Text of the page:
Nobel Peace Prize: Hope Rises for Africa as Ethiopia’s Prime Minister Emerges as Leading Contender

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Ethiopia’s prime minister, Abiy Ahmed has emerged as a leading contender for this year’s Nobel Peace Prize to be awarded on Friday.

The Nobel Peace Prize, first awarded in 1901, honours “the person who shall have done the most or the best work for fraternity between the nations and the abolition or reduction of standing armies and the formation and spreading of peace congresses” according to the Nobel Prize organization.

Previous winners from the African continent include Democratic Republic of Congo’s Denis Mukwege, Kenya’s Wangari Maathai and South Africa’s first black president Nelson Mandela.

Abiy is credited with ending a two-decades-old conflict between Ethiopia and Eritrea, that has, in turn, inspired a series of diplomatic breakthroughs in the Horn of Africa region.

He has pursued a reformist agenda, that has included releasing political prisoners and granting amnesty to all that had fled the country for criticising the previous regimes.

Abiy, who took office in April last year, ended a state of emergency, lifted a ban on opposition groups from Parliament and pledged to liberalise the economy in order to attract investment.

He has also championed women empowerment by naming a gender-parity cabinet, in addition to appointing the country’s first female president, chief justice and electoral commission chief.

His reforms have earned Abiy praise and hate in equal measure, and he has already survived one assassination attempt: a grenade thrown at a rally last year.

“I will be happy if Dr Abiy wins the Nobel Peace Prize and I believe he deserves it. If he wins, it will encourage him to do much better in the future for Ethiopia,’‘ Merry Meles, an Addis Ababa resident said.

“I am an Ethiopian born and raised here, but I have never seen a leader like him in our country in my life. He is a positive person and I hope he will have many followers who will bring our country to a better position,’‘ Bekele Bogale who also resides in the capital said.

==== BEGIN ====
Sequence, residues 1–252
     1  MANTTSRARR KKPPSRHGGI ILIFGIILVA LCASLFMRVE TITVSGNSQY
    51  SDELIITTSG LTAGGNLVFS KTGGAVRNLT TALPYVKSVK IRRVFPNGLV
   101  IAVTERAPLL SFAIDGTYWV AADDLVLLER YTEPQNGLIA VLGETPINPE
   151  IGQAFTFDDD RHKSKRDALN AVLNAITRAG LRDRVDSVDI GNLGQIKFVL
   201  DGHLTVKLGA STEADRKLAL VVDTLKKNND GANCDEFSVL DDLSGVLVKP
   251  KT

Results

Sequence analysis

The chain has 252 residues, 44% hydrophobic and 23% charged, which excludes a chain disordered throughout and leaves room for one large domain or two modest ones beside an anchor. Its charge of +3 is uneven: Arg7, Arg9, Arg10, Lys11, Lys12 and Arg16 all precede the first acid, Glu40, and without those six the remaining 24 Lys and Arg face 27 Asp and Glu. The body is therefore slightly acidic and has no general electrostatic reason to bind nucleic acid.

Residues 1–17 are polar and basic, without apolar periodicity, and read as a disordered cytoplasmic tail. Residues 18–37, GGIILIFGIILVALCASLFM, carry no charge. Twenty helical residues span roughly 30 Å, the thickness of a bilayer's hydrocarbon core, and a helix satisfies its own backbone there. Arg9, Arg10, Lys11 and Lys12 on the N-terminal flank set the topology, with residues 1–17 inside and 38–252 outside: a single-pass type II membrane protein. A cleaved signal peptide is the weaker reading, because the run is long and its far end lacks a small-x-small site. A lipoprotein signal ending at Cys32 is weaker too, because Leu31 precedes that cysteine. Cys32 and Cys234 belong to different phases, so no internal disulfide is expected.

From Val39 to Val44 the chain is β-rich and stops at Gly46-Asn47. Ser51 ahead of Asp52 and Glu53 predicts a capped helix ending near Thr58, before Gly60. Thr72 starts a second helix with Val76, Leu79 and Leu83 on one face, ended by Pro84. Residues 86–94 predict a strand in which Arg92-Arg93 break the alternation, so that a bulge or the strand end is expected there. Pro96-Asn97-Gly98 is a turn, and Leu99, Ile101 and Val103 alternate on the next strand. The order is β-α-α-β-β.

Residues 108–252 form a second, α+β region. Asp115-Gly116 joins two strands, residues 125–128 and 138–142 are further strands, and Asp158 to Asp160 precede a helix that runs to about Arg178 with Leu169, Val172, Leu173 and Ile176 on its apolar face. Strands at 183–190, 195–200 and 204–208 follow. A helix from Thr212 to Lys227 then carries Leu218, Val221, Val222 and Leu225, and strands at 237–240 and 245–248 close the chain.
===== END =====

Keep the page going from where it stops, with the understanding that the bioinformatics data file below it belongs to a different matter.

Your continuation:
His critics, however, said he relies on bold personal initiatives and charisma to drive change instead of working through government institutions.

“None of Abiy’s promised transformational reforms is going to have any solid foundations unless he works through the institutions,” said Comfort Ero, Africa programme director at the International Crisis Group think tank.

“In the first six or seven months, he undercut the institutions … The institutions were either not working or working against his agenda,” said Jawar Mohammed, an Oromo activist and informal adviser to the prime minister.

“I don’t think he could have travelled this far without doing that.”

Ethnic clashes including in his native Oromiya region have however undermined Abiy’s record at home.

Hajer Sharief has been actively advocating for peace in Libya since 2011 when she was 19. Shocked by events of the civil war, Sharief started Together We Build It, aimed at supporting a peaceful democratic transition.

The organization focuses on empowering women and youth in Libyan society.

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